Library Services


Celebrating Pride Month 24 in Library Services 

1 July 2024

The Library Liberating the Collections Group have compiled a book list of your suggestions to celebrate Pride Month, which takes place every June in the UK.

The intersex inclusive pride flag. The flag shows horizontal rainbow stripes on the right hand side, and on the left hand side a chevron with black, brown, pale blue, pale pink, white and yellow stripes with a purple ring motif to the far left.

In the lead up to London Pride on Saturday 29 June and as part of Pride Month celebrations, we asked you to share book recommendations from across the UCL community about LGBTQ+ life in London.

Fiction and poetry

Girl Woman Other by Bernardine Evaristo

Bernardine Evaristo creates a world that has real challenges for all the characters but ultimately they all end up happy. I feel like it was a real turning point for LGBT literature that a book that features tragedy does not make tragedy the crux of the work. These are stories all about women and non-binary people of colour that ultimately thrive and find a niche in the world. Very uplifting and addictive.

Nada Kurdi 

The Black Flamingo by Dean Atta

This is a unique coming of age story, written by a mixed race poet and drag artist living in the UK, and based on his life. It's actually a young adult title, and as such is very accessible - I tore through the whole book at lightning speed. As a queer white woman, I could relate to the parts of Dean's story so many of us have to deal with, while other parts really opened my eyes to the struggles of a queer person of colour who’s trying to work out who he is and where he fits in. I also loved hearing a drag performer’s story of creating his drag persona, and Dean is very articulate and eloquent in his descriptions of both family life and the fabulousness of his new friends, much of which is written in verse. I am not doing this title justice - it’s wonderful, and really worth reading!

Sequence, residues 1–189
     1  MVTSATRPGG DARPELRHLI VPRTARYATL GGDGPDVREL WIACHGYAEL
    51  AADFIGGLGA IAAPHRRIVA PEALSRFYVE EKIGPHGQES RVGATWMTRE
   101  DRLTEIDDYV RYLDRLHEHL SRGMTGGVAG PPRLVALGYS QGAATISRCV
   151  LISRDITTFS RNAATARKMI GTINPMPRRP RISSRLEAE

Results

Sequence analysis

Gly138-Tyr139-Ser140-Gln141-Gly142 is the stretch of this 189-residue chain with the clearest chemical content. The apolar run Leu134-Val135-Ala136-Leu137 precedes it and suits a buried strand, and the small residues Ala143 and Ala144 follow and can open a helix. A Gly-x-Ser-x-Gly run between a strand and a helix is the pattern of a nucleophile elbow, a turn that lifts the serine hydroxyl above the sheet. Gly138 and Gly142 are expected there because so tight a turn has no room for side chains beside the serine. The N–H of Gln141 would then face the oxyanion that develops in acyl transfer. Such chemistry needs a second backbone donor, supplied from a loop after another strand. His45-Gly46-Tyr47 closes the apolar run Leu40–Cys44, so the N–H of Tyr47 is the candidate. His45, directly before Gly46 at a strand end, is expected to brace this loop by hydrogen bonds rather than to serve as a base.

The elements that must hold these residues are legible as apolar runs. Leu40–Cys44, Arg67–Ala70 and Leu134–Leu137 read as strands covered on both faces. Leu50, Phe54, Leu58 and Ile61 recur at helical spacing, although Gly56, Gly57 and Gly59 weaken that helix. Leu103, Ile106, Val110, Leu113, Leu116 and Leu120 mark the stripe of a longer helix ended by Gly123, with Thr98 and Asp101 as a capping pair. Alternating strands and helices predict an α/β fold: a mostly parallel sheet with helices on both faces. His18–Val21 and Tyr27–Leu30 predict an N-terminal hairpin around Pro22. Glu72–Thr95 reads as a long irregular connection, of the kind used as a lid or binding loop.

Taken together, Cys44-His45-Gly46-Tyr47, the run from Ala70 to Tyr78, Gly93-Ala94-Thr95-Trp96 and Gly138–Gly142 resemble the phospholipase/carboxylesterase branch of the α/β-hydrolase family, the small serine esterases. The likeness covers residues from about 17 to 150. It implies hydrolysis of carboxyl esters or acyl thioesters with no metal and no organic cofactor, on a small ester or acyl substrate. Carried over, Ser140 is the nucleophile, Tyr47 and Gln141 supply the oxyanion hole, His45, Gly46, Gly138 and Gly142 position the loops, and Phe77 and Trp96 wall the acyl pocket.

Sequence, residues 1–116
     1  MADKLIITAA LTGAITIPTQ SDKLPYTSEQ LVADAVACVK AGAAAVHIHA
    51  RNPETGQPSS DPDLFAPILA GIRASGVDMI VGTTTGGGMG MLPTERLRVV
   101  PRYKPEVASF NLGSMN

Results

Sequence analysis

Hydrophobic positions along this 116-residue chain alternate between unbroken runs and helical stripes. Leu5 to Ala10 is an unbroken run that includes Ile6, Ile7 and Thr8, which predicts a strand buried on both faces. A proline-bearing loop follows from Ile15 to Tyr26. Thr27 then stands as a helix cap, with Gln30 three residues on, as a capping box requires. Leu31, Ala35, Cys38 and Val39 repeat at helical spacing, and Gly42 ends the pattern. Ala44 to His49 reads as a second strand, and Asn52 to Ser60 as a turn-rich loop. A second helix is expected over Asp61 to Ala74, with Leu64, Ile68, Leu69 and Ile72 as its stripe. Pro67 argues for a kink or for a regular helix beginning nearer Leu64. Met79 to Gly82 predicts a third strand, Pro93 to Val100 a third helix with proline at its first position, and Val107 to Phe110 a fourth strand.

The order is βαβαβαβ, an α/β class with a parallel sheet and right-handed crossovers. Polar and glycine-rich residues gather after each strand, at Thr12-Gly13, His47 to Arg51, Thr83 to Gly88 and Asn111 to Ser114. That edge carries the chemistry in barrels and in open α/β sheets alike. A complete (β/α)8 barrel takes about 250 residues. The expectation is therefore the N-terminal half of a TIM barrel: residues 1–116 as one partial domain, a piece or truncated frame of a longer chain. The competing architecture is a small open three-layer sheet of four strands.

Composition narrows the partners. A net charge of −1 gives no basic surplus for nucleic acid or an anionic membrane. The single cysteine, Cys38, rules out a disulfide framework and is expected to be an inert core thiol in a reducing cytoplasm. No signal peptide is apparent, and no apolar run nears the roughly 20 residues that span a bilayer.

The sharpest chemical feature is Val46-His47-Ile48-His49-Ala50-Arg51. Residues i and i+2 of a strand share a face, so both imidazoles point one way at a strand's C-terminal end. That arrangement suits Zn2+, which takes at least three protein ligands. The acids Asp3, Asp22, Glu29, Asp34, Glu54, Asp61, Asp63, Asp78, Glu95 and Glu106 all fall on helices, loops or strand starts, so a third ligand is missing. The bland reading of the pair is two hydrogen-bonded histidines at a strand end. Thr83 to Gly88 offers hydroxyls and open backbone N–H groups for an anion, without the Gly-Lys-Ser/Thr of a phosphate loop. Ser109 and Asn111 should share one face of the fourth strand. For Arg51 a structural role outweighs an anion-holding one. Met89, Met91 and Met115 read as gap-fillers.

The Line Of Beauty by Alan Hollinghurst

The main character is gay and it is set in London but it is a beautifully written novel in its own right. It is the summer of 1983, and young Nick Guest, an innocent in the matters of politics and money, has moved into an attic room in the Notting Hill home of the Feddens: Gerald, an ambitious new Tory MP, his wealthy wife Rachel, and their children Toby and Catherine.

Dawn Kinnersley

eat the glitter by Kat Dixon

An irreverent, lyrical exploration of queer love, modern culture, and a post-pandemic world. It's the debut book of poetry by a queer writer living in London and I feel that everyone, no matter their 'poetry-reading credentials', should feel welcome to pick up and find resonance in Kat's inventiveness, poignancy and humour.

Sarah-Jane Gregori


Marlow Moss by Lucy Howarth

Recent book addition to the UCL collection which helps to fill the gap in our knowledge and understanding of modern queer artists in Britain. Provides a fascinating insight into a once overlooked but now regarded as one of Britain’s most important constructivist artists. Moss's work is now often included in survey books and exhibitions of neglected female and LGBTQ+ artists.

Julie Robinson

John Craxton: a life of gifts by Ian Collins

A fascinating biography of the openly gay (before decriminalisation), London-born (Greek based) artist John Craxton who is reemerging again as a major artistic figure. Beautiful and beguiling art.

Square Haunting by Francesca Wade

Finely embroidered with rich colours and delicate threads. Like a good champagne, effervescent and giddy with an underlying sharpness and complexity. This delicious group biography of five women writers in interwar London, including Virginia Woolf and Jane Harrison, is an absolutely gorgeous book.

No Modernism without Lesbians by Diana Souhami

Celebrates the under-appreciated central role lesbians played in Modernism.

Julie Robinson

Fanny and Stella: the young men who shocked Victorian England by Neil McKenna